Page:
Thornton (1768-1837) studied at Cambridge and was inspired by the teaching of John Martyn, Professor of Botany, and by the work of the Swedish scientist Carl von Linnaeus (1707-78), who had formalized the system of binomial nomenclature for living things (the first part being the name of the genus, and the second the name of the species within the genus – thus, ‘homo sapiens’). The deaths of his parents and elder brother left Thornton with a considerable fortune, which he devoted to publishing his New Illustration of the Sexual System of Carl von Linnaeus. The first two parts were expositions of the sex of plants, but the third, The Temple of Flora, was to have a lavish series of plates depicting flowers. Each plate is accompanied by descriptions in suitably flowery prose, selections of flower-poetry, accounts of flower lore and symbolism, and other information.

In each plate the flower is depicted against a background of scenery designed to represent its habitat, whether that be Egypt with distant pyramids, the Cape of Good Hope, or a Dutch landscape with windmills behind an image of tulips. As Thornton put it, ‘each scenery is appropriated to its subject’. So of the auricula he remarks: ‘Being a native of the Alps, hence, in our Picture, it is seated near a chain of tremendous mountains’. Or of Cactus grandiflorens, ‘Thus, in the night-blowing Cereus you have the moon playing on the dimpled water, and the turret clock points XII, the hour at night when this flower is in its full expanse’. And so a very English-looking church tower with clockface, and with some fashionably Picturesque decay, is depicted behind this most exotic and exuberant Jamaican plant. Inevitably, Thornton’s book is now valued not for what he hoped was its scientific worth but as testimony to a Romantic vision of nature, landscape and flowers.

Although Thornton originally envisaged over 70 illustrations, 31 were produced, engraved in aquatint, stipple and line engraving by Thomas Medland. The impressions were printed in colour but finished by hand, and because most of the plates were altered and added to during production, each plate can be a different ‘state’ of that particular image, and each copy of the book is distinct. Graham Watson purchased his copy at the sale of the library of the Society of Herbalists, and his notes record several Sotheby’s experts assuring him that the copy now in Emmanuel was the finest they had ever seen. The plates were issued to subscribers in parts over the years 1799-1807 and published in book form in 1807. It is an ‘elephant folio’ of enormous size (55 x 44 cms). But subscriptions were always disappointing. After long years of war with revolutionary France, high taxation to finance that war, and generally hard times, it was scarcely the moment for marketing such a luxurious book. To raise funds to rescue the scheme – which he saw as a national undertaking and dedicated to Queen Charlotte, herself a botany enthusiast – Thornton was allowed by Parliament in 1811 to hold a public lottery, with the original paintings for the plates as first prize, and various plates as other prizes. But the lottery failed to sell sufficient tickets, and at the time of his death Thornton was destitute.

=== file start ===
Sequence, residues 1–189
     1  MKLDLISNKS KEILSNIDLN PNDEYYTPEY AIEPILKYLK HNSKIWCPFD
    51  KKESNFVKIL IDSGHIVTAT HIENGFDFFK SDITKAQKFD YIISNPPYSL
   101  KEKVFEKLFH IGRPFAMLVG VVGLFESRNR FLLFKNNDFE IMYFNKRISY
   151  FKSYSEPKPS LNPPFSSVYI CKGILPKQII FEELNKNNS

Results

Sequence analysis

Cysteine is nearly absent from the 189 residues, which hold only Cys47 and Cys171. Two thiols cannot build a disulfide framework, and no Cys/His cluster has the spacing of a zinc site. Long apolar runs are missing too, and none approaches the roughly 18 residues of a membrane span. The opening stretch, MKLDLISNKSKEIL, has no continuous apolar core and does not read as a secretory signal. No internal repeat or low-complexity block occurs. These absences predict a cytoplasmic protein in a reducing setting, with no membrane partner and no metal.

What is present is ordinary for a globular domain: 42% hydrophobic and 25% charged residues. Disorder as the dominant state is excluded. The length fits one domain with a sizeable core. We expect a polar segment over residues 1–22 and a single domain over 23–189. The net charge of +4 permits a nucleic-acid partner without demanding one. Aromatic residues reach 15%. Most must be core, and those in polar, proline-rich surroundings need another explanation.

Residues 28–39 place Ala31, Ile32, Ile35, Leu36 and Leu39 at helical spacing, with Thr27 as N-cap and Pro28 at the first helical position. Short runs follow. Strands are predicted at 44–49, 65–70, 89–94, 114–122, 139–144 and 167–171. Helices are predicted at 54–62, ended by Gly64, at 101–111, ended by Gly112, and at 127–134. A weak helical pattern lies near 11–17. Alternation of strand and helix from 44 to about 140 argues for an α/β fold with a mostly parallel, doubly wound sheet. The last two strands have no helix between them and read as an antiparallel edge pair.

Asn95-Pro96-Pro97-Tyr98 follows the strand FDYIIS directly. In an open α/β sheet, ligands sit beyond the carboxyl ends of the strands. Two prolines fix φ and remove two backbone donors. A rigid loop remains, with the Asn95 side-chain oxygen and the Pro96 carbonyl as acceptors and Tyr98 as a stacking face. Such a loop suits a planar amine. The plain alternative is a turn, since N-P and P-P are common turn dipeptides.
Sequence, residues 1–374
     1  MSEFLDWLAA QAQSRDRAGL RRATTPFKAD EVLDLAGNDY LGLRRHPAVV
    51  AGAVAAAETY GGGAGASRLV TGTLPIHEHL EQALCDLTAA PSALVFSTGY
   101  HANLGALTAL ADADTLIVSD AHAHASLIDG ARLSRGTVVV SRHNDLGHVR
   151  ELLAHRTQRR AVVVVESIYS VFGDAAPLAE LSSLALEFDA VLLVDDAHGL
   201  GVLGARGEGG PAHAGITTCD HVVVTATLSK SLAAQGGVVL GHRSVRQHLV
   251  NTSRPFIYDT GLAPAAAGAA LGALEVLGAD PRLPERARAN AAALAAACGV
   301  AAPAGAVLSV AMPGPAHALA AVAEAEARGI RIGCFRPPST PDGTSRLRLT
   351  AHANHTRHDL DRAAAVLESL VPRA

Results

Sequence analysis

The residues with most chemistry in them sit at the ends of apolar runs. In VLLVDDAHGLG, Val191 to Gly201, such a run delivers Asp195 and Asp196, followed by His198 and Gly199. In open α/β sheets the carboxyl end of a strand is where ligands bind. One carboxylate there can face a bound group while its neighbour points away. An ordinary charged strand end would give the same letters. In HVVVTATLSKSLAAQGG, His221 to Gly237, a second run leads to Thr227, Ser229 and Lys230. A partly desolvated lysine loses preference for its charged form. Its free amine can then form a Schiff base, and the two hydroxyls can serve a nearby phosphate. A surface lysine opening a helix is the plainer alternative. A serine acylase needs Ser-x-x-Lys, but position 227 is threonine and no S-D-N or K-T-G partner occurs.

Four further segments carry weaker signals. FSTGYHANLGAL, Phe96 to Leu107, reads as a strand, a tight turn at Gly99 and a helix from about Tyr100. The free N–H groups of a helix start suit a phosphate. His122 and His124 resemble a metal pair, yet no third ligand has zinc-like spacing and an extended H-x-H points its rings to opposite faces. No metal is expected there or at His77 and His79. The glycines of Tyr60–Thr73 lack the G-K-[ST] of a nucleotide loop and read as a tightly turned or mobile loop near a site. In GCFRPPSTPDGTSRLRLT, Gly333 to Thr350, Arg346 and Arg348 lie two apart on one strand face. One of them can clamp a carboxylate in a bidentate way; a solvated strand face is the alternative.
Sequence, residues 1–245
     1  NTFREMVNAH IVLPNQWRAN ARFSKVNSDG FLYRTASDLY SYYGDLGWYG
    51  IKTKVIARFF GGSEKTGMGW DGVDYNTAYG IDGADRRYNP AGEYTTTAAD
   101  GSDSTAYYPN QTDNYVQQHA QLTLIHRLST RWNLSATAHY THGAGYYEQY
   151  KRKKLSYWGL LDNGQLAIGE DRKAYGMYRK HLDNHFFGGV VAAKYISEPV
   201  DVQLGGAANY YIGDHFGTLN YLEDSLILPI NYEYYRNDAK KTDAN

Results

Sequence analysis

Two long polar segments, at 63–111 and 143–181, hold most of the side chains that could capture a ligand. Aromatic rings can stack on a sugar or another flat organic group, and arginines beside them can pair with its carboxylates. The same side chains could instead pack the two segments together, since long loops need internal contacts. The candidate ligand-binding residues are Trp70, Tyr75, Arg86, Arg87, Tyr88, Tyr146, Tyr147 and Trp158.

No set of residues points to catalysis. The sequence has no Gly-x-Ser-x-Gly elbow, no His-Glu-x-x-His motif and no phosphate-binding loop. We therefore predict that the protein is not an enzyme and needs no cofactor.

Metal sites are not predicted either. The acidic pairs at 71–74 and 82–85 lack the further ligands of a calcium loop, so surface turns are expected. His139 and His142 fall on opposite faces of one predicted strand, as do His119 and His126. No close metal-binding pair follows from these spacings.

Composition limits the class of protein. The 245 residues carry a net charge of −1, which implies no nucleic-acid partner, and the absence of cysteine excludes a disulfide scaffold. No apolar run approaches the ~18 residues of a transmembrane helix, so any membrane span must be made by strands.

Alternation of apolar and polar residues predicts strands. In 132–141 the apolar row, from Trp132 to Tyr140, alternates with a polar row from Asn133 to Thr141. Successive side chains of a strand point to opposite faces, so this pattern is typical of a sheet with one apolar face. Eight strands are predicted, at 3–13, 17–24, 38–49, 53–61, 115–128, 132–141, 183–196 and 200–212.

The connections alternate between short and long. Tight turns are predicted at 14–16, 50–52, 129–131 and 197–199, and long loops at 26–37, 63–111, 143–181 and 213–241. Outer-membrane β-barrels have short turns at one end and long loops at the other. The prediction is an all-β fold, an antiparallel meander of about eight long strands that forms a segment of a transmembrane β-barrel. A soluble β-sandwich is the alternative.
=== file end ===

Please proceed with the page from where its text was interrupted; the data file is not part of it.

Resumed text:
Barry Windeatt (Keeper of Rare Books)

Images by Helen Carron (College Librarian)


explore Swannet

Image for the news item 'Swannet' on 23 Jul 2020
The swans who inspired Swannet

Emma member, Greg Spiro (1966)'s poem - Swannet - was recently shortlisted for the Fish Publishing Lockdown Poetry Prize, which asked for poetic personal responses to the lockdown in no more than 19 lines.  Here, he kindly shares his successful poem with us, as well as explaining the inspiration behind it.  

It was a sad March day when London Wildlife Trust announced the temporary closure of Woodberry Wetlands. The path was deemed too narrow for social distancing and its popular Coal Cafe also had to close its doors. In 2016 Sir David Attenborough had opened the old reservoir, closed for 200 years, as a Wetlands Centre between Finsbury Park and Stoke Newington. Hackney Council and Berkeley Homes are pursuing London’s largest regeneration project building flats alongside an urban wildlife corridor. Yes, this is gentrification on a massive scale yet we have a diverse community and an enviable experience of a natural world instead of more traffic and shops. Look at a map and you’ll see our watery doorsteps -  two vast reservoirs, a sailing lake to the West and a haven for waterfowl in a reedy environment to the east.